On September 10, 2009, David Oxenford addressed the Christian Music Broadcasters’ Momentum ’09 Conference in Orlando, Florida. Dave’ s presentation was titled 18 Issues in 18 Minutes: What a Broadcaster Should Worry About From Washington DC. In 18 minutes, Dave discussed topics including the FCC’s proposed localism rules, sponsorship identification and noncommercial underwriting issues, contest fines, FCC technical
Last week, the FCC issued several fines to noncommercial broadcasters who had underwriting announcements that sounded too commercial. In these decisions, the Commission found that the stations had broadcast promotional announcements for commercial businesses – and those announcements did not conform to the FCC’s rules requiring that announcements acknowledging contributions to noncommercial stations cannot contain qualitative claims about the sponsor, nor can they contain "calls to action" suggesting that listeners patronize the sponsor. These cases also raised an interesting issue in that the promotional announcements that exceeded FCC limits were not in programming produced by the station, but instead in programs produced by outside parties who received the compensation that led to the announcement. The FCC found that there was liability for the spots that were too promotional even though the station itself had received no compensation for the airing of that spot.
The rules for underwriting announcements on noncommercial stations (including Low Power FM stations) limit these announcements to ones that identify sponsors, but do not overtly promote their businesses. Underwriting announcements can identify the sponsor, say what the business of the sponsor is, and give a location (seemingly including a website address). But the announcements cannot do anything that would specifically encourage patronage of the sponsor’s business. They cannot contain a "call to action" (e.g. they cannot say "visit Joe’s hardware on Main Street" or "Call Mary’s Insurance Company today"). They cannot contain any qualitative statements about the sponsors products or services (e.g. they cannot say "delicious food", "the best service", or "a friendly and knowledgeable staff" ). The underwriting announcements cannot contain price information about products sold by a sponsor. In one of the cases decided this week, the Commission also stated that the announcements cannot be too long, as that in and of itself makes the spot seem overly promotional and was more than was necessary to identify the sponsor and the business that the sponsor was in. The spot that was criticized was approximately 60 seconds in length.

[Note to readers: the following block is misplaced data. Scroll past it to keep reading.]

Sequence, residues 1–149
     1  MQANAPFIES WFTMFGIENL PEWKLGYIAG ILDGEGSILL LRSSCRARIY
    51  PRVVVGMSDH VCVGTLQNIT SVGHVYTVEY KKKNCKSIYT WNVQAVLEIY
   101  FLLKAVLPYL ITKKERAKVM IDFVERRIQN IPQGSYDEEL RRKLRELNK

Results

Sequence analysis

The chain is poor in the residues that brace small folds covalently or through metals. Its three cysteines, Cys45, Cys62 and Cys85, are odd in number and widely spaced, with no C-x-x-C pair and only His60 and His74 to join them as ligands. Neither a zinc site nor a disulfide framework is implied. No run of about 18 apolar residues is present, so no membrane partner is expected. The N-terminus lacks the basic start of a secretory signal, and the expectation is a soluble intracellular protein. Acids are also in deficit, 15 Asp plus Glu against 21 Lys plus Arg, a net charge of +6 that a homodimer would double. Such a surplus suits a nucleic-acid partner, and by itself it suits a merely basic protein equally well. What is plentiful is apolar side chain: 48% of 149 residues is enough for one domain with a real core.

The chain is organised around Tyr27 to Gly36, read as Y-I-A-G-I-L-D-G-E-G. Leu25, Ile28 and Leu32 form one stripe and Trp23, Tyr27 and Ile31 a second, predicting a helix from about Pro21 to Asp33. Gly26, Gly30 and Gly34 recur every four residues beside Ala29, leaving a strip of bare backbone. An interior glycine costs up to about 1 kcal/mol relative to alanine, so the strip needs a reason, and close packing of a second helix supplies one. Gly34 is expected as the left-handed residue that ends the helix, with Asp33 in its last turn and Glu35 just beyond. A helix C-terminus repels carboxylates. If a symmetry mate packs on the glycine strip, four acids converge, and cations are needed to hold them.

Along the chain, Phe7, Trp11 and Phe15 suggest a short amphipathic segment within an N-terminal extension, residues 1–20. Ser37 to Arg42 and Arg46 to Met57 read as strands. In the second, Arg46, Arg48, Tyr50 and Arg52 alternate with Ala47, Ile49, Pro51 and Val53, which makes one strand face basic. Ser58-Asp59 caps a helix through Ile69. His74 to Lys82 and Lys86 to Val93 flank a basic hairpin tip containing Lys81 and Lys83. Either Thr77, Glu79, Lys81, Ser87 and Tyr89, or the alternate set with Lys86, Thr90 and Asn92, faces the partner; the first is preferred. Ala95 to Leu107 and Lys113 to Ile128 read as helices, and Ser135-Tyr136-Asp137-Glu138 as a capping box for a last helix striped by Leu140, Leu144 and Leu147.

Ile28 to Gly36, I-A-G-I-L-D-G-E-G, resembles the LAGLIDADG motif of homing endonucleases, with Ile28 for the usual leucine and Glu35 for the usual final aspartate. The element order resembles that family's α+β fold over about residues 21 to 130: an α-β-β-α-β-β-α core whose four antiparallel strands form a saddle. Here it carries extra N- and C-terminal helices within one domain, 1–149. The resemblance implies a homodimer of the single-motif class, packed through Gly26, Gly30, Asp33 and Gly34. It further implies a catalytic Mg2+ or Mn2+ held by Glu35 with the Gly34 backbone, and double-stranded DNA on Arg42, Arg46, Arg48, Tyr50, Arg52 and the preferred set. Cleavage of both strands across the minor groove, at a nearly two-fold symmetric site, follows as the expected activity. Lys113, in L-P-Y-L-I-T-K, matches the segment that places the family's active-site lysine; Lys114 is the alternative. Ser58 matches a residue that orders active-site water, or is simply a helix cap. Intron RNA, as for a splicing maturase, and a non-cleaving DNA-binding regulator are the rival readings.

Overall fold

In a decision released late on Friday, the FCC upheld a $9,000 fine on a noncommercial television operator who broadcast underwriting announcements which, in the opinion of the Commission, were too much like commercials and thus were impermissible on a noncommercial station. Under the Commission’s policies governing the noncommercial nature of noncommercial stations, it is permissible to air an underwriting announcement acknowledging a commercial entity that makes a financial contribution to the station. And it is permissible to state the nature of the business, where it is located, and to air the slogan of the company. What is not permissible is when the underwriting announcement contains "calls to action," qualitative or comparative claims, price information, or other inducements to do business with this particular company. In this case, the Commission felt that the announcements crossed some or all of these lines.
In the initial Notice of Apparent Liability in this case, released in late 2004, the text of the announcements at issue are set out. In last week’s order, phrases such as "planning a special occasion?" as the intro line to an announcement about an Ice cream store were deemed to be calls to action, and the description of the ice cream cakes that the store made as "tastefully decorated" were deemed to be qualitative. Similarly, statements about a real estate company that "we’re all about family" and "we love selling real estate" were deemed to be comparative in nature, trying to distinguish this particular agent from other competitors. In only one of ten ads, one for a school supply store, did the Commission overturn its previous determination, finding that an announcement for "creative learning materials" was arguably descriptive and not qualitative.